2. Material and Methods

In the current study, two types of soils were studied under two levels of biological root systems with six microbial combinations. At the first level, we applied six microbial combinations. The first type of soil was Potting-soil (PS) (Miracle Gro Premium Potting Mix by Scotts) distributed in pots 6 kg for each. The second type of soil was Poor-soil (TL), composed of soil poor in lime (CaO), with low holding capacity, and low nutrient such as magnesium (Mg), nitrogen (Na), phosphate, and potassium (K). The biological systems included two types of plants roots: sorghum bicolor and Setaria italica.

The soil was distributed in (6 × 7 inch) pots, 6 kg for each with four replicates for each group. The inoculum was dissolved with water (9 g/100 ml) for placement in each pot. We used plant growth promoting bacteria (PGPB) Pseudomonas fluorescens obtained from microbial laboratories. The mycorrhizal mix source was MycoApply® Endo (Valentine Country Inc.).

The microbial treatments were grouped as follow:

1) C−: dead inoculum but no plants were grown

2) C+: active inoculum but no plants were grown

3) PGPB: Plant growth promoting bacteria, Pseudomonas fluorescens

4) AM: 100,000 propagules/lb of Arbuscular mycorrhiza consisting of Glomus intraradices, G. mosseae, G. aggregatum and G. etunicatum.

5) AM + Ecto: 100,000 propagules/lb of arbuscular mycorrhiza consisting of Glomus intraradices, G. mosseae, G. aggregatum, G. etunicatum: and ectomycorrhiza consisting of 110 million propagules/lb. of Rhizopogon villosullus, R. luteolus, R. amylogpogon, R. fulvigleba, Pisolithus tinctorius, Scleroderma cepa and S. citrinum.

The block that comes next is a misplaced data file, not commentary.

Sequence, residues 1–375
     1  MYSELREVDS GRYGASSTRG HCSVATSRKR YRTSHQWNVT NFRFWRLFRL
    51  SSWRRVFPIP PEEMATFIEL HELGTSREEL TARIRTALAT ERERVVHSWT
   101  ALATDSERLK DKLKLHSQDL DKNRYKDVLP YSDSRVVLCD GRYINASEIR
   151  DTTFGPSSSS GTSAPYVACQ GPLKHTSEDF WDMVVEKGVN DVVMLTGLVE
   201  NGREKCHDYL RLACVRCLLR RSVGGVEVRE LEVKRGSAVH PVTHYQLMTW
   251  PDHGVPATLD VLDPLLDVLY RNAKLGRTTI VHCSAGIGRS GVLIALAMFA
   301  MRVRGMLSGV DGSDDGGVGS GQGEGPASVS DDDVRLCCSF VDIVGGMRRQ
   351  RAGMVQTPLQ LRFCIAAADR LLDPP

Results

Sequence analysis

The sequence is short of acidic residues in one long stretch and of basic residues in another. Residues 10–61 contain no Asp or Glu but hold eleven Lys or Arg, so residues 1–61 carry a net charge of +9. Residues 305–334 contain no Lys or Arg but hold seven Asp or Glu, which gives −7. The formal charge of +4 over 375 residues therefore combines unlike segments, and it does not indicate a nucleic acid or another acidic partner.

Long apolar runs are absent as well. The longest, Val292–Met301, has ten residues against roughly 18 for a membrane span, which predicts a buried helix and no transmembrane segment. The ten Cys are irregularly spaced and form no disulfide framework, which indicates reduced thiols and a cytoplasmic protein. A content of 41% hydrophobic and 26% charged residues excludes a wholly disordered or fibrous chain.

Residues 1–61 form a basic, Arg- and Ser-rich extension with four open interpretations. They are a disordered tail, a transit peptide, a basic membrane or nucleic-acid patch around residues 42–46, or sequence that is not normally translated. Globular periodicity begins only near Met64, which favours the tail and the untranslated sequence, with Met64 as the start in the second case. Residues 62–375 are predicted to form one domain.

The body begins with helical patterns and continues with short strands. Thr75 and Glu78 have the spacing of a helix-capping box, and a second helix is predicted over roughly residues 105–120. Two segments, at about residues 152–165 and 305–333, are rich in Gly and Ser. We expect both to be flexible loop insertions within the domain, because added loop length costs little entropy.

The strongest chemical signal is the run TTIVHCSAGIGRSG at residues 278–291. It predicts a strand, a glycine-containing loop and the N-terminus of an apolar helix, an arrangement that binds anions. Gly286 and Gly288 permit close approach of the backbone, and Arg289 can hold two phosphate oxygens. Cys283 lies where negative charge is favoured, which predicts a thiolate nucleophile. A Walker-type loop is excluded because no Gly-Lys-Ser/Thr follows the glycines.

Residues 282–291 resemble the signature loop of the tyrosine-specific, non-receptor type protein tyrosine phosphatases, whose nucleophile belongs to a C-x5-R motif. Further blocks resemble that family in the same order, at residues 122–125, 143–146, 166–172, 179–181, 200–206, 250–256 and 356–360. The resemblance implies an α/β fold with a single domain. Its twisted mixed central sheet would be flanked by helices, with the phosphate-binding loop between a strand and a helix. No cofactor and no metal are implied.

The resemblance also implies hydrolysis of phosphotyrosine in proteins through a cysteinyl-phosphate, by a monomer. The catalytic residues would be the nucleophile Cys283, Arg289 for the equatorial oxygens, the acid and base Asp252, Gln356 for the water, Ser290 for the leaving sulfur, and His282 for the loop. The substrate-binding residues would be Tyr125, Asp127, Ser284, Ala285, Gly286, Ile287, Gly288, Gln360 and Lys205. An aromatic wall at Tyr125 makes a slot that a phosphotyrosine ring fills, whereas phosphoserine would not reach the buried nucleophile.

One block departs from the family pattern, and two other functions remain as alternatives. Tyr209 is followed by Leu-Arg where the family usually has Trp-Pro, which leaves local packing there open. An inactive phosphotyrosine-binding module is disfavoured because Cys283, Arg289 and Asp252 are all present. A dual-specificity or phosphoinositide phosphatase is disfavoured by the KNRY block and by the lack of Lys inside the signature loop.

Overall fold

6) AM + PGPB: 4 + 3.

7) Ecto + PGPB: 3+ ectomycorrhiza consisting of 110 million propagules/lb of Rhizopogon villosullus, R. luteolus, R. amylogpogon, R. fulvigleba, Pisolithus tinctorius, Scleroderma cepa and S. citrinum.

Two months (60 days) after growing plants with different microbial treatment, soil samples were collected and Ca, Mg and Na were quantified. The availability of exchangeable base alkali elements Ca, Mg, Na were determined using Motsara and Roy method [11] and analyzed using inductively coupled plasma mass spectrometry (ICP-MS).

3. The Experimental Design

The experiment consisted of: two types of soils, Potting-soil (PS) and Poor-soil (TL); two types of plants, sorghum bicolor and Setaria italica; and seven groups of treatments, including C−, C+, PGPB, AM, AM + Ecto, AM + PGPB and Ecto + PGPB; each with four replicates. The experimental design was 2 * 2 * 7 * 4. The total number of pots was 112 pots for the entire experiment. Variables were tested for normality to meet assumptions. Statistical analyses included an analysis of variance (ANOVA) and Tukey’s HSD test, conducted using SPSS 16. Analysis of correlation was conducted using Excel 2017. We also used the t-in- dependent test to check if there was a significant difference for availability of each element (Ca, Mg and Na) under different microbial treatments within the same soil, in comparison to positive control group in all soil types, whether planted with sorghum bicolor or Setaria italica (α = 0.05). Analysis of t-inde- pendent test was conducted using SPSS 16.

4. Results